Cleveland State Career Director Interview: Balance 'People, Paper And Pixels'

By CityTownInfo Staff
August 21, 2009

The following is the transcript of an interview with John Scanlan, Assistant Career Director for Cleveland State University. Mr. Scanlan has over 22 years of experience in the career services field and has formerly served as Career Coordinator for the university. He holds a Master's degree in Counseling from Cleveland State University as well as a Master's in Political Science from the University of Illinois.

CSU's career services center is a centralized office and has several satellite offices scattered throughout the Colleges of Business, Urban Affairs and Engineering. The Career Services offices serve all students and alumni regardless of major. The staff consists of eleven career coordinators, two assistant directors, a director and several support staff and graduate students. They offer insightful resume critiques, career development advising and mock interviews. Their career fairs are the largest in the state, drawing several hundred employers each year.

CSU is an urban community school with more than 15,000 students. They have strong graduate programs in many areas including the College of Urban Affairs, which ranks second in the nation.

Interview Transcript

CityTownInfo: Do you have any career related books or websites that you recommend to your students?

John Scanlan: One book I wrote, "Careers in Action", is used as the textbook for our career development class. Last night someone actually left me a message saying he talked to me several years ago and that my book really helped him. Then he told me he is back in the job market and he had some questions for me, so good old-fashioned books can be very helpful sometimes, depending upon student needs. For self-assessment I recommend, "What Color is Your Parachute" by Richard Bolles. For people in the midst of a career change who are trying to explain their skills on resumes, I recommend "The Resume Catalogue" by Yana Parker.

As far as websites go, like any college career advisor I'd hope students use their own career services center's website. We have filled our site with all kinds of useful information, including our workshop schedule, sample resumes, cover letters and advice about different topics like relocation and salary negotiation. Any college will have a website like that, so I hope that would be a student's first step. I want my students to use our registration system at Cleveland State also. We use the Experience.com system to store our student resumes and post jobs, so that's an important website for our students to check out early on.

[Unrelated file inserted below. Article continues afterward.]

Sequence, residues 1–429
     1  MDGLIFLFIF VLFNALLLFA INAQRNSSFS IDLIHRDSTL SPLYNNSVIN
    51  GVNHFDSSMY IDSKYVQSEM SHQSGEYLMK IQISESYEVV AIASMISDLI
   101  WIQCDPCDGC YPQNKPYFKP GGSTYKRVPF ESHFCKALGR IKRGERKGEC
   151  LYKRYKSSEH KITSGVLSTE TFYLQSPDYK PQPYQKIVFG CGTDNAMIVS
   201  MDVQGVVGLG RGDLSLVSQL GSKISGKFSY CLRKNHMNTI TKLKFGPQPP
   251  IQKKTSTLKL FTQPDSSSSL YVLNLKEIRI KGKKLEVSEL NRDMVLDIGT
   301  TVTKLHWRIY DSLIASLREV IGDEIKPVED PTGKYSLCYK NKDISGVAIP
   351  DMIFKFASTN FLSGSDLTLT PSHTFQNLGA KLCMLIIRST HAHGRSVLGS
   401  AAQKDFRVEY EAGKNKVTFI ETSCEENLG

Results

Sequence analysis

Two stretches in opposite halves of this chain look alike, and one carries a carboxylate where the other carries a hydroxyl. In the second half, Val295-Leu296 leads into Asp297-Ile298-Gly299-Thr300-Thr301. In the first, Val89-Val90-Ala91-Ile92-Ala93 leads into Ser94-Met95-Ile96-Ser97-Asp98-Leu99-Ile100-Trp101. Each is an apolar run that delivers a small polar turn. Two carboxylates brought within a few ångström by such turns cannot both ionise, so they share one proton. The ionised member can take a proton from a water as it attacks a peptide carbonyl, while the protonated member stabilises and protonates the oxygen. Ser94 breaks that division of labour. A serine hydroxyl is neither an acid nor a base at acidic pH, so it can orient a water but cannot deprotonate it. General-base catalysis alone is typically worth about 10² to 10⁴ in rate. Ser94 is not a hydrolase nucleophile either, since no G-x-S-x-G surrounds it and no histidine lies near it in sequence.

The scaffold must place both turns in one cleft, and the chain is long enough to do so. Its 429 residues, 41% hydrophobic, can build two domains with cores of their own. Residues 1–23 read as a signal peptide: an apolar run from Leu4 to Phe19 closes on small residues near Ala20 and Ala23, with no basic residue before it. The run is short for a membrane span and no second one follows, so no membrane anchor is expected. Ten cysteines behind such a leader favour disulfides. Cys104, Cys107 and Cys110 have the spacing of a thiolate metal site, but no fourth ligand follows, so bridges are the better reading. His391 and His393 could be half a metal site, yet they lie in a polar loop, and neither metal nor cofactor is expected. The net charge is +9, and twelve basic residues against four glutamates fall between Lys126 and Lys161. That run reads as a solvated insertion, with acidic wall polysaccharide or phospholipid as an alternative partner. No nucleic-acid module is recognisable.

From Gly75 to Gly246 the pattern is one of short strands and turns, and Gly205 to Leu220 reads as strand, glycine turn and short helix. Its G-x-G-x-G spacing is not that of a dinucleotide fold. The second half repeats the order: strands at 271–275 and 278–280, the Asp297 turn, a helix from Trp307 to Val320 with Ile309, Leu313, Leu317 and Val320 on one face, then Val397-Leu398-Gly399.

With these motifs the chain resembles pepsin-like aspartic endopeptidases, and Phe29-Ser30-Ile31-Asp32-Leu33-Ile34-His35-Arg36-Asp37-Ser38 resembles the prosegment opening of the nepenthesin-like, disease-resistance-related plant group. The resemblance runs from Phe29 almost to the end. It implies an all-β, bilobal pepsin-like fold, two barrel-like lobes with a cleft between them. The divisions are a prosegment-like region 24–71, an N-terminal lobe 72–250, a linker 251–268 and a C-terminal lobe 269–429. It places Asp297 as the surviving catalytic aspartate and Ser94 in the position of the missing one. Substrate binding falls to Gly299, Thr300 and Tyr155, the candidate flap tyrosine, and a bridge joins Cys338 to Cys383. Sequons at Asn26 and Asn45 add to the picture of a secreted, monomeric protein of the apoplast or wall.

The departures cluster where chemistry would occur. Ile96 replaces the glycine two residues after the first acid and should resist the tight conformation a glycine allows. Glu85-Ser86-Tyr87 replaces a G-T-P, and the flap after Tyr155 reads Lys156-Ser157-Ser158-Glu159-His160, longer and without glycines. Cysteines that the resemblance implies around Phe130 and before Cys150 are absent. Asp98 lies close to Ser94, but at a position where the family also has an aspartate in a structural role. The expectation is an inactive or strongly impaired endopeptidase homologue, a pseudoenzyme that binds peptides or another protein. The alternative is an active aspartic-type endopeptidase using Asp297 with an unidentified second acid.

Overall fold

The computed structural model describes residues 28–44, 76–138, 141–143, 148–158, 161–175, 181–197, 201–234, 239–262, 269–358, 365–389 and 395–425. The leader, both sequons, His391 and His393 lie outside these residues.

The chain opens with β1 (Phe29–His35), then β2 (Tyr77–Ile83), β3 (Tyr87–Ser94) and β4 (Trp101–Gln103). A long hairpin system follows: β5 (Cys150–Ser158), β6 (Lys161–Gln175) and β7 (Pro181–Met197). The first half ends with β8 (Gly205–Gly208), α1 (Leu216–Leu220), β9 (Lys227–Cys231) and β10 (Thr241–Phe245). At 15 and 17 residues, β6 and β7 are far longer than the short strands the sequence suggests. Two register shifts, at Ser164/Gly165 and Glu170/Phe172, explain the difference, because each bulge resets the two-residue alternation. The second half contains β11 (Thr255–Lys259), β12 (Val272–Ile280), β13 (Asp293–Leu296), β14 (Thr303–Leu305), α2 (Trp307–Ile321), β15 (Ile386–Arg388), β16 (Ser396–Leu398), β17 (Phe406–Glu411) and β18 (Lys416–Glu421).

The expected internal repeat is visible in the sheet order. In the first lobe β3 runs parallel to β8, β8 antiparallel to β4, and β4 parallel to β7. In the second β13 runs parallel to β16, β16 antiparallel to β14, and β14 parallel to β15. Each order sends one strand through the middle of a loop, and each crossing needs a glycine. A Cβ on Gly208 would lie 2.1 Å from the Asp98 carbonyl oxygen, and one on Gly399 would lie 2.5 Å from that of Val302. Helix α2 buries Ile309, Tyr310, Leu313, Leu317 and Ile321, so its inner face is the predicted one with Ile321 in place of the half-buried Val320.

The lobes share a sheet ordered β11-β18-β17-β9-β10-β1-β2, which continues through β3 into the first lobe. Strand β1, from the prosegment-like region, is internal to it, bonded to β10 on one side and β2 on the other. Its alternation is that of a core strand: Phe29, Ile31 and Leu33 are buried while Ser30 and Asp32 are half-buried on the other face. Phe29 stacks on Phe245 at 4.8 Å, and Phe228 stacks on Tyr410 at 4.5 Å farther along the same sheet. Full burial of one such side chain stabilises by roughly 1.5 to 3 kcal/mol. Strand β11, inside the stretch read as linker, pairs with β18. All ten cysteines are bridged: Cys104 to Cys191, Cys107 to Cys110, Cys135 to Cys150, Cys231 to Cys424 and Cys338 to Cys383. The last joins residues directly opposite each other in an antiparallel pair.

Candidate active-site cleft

CareerBuilder and About.com are some additional websites I like and recommend to students. Monster and CareerBuilder are also good sites to register with and post resumes on. Indeed.com has also recently become more popular as more people have learned about it.

The problem one can get into with websites is that there are so many of them, people can spend entirely too much time on their computer instead of with face-to-face networking. I tell students to think of their job search is in terms of people, paper and pixels, where "people" equals the networking aspect of the search, "paper" is the resume and cover letter, and "pixels" refer to time spent in front of a computer. Pixels should only account for about 10 to 20 percent of the job search. Too often it's 50 to 60 percent of the process because people are scared to get out and meet people and go to networking events. Introverted people are going to have to force themselves to do this however, because meeting as many people as possible and networking at professional associations is the best way to find a job.

In Cleveland, we are very fortunate to have a strong chamber of commerce. It's called the Greater Cleveland Partnership and it has many, many subgroups. They have networking meetings and educational events going on all the time. Those same resources are available in most cities and towns.

CityTownInfo: Is the Career Services Center's advice on Cleveland State's website available to the public?

John Scanlan: Yes it is. The site (www.csuohio.edu/offices/career) is where our career office's advice, resume examples, and more can be found.

CityTownInfo: Do you offer any community outreach programs?